One of the essential features of GST is the seamless way in which input credit can flow across the country’s supply chain. Input tax credit is a reference to the tax that has already been paid by an individual at the time they choose to purchase goods or services. This tax is also available as a deduction from the payable tax.
Consider the following example. Let’s assume a trader buys goods for Rs. 100 and pays a 10% tax on it. The trader then chooses to sell these foods at Rs. 150 collecting Rs. 15 from their buyers as tax. In this case, the trader would have to pay the government Rs. 15 while also having paid Rs. 10. So, the input tax credit will let the trader deduct the Rs. 10 tax she paid from the payable tax meaning she just has to pay Rs. 5 as the net tax from her sales.
To claim input tax credit under GST, the following conditions need to be fulfilled:
The person claiming input tax credit needs to be in possession of a bit note or tax invoice issued by a supplier that is officially registered under GST.
The person claiming input tax has to have received the goods and/or services.
The tax that is charged in respect of this supply needs to be paid to the account of the appropriate Government responsible.
The person claiming input tax credit needs to furnish the return under Section 39.
Input tax credit is authorised only on acquisitions made for the sale of zero-rated or taxable goods or services. ITC claiming is not permitted on purchases made for any supplies that are exempt from these categories.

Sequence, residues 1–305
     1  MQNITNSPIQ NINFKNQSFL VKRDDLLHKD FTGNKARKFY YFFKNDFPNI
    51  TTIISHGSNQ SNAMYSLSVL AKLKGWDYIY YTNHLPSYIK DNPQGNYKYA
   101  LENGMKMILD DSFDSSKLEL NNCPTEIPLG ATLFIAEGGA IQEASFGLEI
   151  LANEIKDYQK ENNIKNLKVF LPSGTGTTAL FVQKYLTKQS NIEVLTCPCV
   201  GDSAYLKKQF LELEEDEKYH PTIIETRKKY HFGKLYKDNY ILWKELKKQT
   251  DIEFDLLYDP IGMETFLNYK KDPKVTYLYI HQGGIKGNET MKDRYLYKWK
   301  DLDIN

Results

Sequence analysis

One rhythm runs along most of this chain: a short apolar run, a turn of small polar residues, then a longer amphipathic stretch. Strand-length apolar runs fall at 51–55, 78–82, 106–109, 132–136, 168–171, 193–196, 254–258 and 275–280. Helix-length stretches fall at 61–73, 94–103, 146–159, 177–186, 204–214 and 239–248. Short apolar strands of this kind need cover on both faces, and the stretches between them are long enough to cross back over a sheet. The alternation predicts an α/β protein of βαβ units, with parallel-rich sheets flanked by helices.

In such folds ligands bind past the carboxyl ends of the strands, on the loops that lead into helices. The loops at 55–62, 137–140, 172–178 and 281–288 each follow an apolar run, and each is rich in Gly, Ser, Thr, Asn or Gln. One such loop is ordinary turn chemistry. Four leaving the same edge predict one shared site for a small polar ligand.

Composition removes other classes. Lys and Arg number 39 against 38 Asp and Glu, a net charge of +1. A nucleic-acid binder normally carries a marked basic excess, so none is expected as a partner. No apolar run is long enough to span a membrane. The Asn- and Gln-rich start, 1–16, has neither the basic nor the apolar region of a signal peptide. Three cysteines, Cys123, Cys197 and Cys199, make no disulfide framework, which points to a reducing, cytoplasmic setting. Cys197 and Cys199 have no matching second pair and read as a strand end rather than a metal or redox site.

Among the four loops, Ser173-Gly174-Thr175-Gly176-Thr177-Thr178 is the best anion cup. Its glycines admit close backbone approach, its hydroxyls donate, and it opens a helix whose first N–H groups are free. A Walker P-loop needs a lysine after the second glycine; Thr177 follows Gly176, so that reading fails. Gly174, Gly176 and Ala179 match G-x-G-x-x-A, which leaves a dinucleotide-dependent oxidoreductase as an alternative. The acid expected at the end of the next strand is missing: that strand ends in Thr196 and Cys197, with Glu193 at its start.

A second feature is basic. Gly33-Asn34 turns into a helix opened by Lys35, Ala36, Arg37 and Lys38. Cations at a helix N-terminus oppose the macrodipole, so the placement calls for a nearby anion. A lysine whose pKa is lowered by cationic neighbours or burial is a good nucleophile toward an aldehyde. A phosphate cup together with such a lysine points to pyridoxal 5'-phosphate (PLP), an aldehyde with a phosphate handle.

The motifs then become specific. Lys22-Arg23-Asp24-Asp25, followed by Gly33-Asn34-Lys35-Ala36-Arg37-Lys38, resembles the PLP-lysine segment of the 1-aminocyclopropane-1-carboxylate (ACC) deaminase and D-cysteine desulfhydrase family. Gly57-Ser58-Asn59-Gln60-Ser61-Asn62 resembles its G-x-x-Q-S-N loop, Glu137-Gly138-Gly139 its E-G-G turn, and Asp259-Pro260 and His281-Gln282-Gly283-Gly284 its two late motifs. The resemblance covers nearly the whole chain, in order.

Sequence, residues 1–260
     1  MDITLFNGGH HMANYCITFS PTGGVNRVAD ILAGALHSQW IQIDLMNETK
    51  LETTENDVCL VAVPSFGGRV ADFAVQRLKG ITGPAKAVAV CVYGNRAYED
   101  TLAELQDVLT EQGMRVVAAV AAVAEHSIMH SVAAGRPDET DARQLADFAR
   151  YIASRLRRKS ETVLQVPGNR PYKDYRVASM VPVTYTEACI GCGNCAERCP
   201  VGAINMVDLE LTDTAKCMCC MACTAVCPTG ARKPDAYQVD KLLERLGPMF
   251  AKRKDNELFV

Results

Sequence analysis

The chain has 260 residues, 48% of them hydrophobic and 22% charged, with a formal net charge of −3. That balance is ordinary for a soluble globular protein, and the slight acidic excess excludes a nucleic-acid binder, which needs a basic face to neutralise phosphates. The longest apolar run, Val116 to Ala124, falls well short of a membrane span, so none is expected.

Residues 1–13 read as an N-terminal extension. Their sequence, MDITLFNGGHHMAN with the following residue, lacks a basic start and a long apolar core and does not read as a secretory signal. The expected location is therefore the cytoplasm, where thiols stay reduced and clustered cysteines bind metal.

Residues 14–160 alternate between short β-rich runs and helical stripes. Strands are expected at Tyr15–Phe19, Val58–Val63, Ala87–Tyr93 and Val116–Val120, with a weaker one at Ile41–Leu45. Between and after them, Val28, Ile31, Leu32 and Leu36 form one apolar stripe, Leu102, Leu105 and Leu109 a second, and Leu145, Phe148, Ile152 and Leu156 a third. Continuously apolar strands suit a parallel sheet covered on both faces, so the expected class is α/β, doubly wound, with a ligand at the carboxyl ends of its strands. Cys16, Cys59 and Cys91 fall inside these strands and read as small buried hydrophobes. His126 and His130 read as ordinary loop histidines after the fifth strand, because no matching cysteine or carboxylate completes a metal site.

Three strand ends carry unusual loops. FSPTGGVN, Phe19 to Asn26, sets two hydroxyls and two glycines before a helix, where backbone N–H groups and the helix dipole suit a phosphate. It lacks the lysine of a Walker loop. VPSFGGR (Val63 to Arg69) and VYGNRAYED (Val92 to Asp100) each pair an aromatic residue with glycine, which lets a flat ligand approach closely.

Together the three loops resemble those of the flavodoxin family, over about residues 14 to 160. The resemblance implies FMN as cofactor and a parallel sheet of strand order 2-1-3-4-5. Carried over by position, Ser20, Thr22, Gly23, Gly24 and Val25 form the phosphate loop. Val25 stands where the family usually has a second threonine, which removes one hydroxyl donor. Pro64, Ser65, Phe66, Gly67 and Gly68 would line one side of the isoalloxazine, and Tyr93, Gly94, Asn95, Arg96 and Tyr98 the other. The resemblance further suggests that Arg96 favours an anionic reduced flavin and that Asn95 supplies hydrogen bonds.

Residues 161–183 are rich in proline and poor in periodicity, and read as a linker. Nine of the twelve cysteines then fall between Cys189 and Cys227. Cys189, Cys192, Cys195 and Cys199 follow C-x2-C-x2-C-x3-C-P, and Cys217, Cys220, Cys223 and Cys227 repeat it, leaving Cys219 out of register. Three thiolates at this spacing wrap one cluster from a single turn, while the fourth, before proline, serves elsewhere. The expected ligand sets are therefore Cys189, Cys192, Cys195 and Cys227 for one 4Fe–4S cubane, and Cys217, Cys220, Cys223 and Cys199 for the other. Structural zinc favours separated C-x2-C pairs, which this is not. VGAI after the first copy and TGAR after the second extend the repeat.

To claim input tax credit of appropriate items/services, only a registered taxable individual has authority. The amount of credit that one is eligible for is calculated based on terms of Section 16(7) of the MGL read with GST ITC Rules (which are to be issued). Keep in mind that, currently, the credit on capital goods would also be permitted on this type of proportionate basis.
In the case where the goods against an invoice are received in instalments, the registered taxable person is entitled to claim input tax credit after they have received the final instalment.
Input tax credit under GST for capital goods is not permitted when the individual also claims depreciation in the income tax act for the GST component. A person can either claim depreciation in income tax or claim input tax credit for the same goods and/or services and not both.
An appropriate tax invoice issued by the goods/services supplier.
An appropriate debit note issued by the supplier to the recipient of the goods/services.
A bill of entry.
An invoice issued under specific scenarios such as the bill of supply that is issued instead of a tax invoice when the amount is less than Rs. 200.
A credit note or an issued by the Input Service Distributor(ISD) in accordance with the invoice rules under GST.
A bill of supply that is issued by the goods/services supplier.
If you wish to claim ITC as the buyer, you should pay your supplier for the supplies you received — including your tax — within 180 days from the date of the invoice being issued. If you do not do so, the amount of credit you could have received by claiming input tax credit will be added to your output tax liability.
In the case of the following, claiming input tax is not allowed:
The due date for the return is the month of September or later in the next financial year.
The annual return has been filed for the relevant year (with respect to the filing date, and not the due date).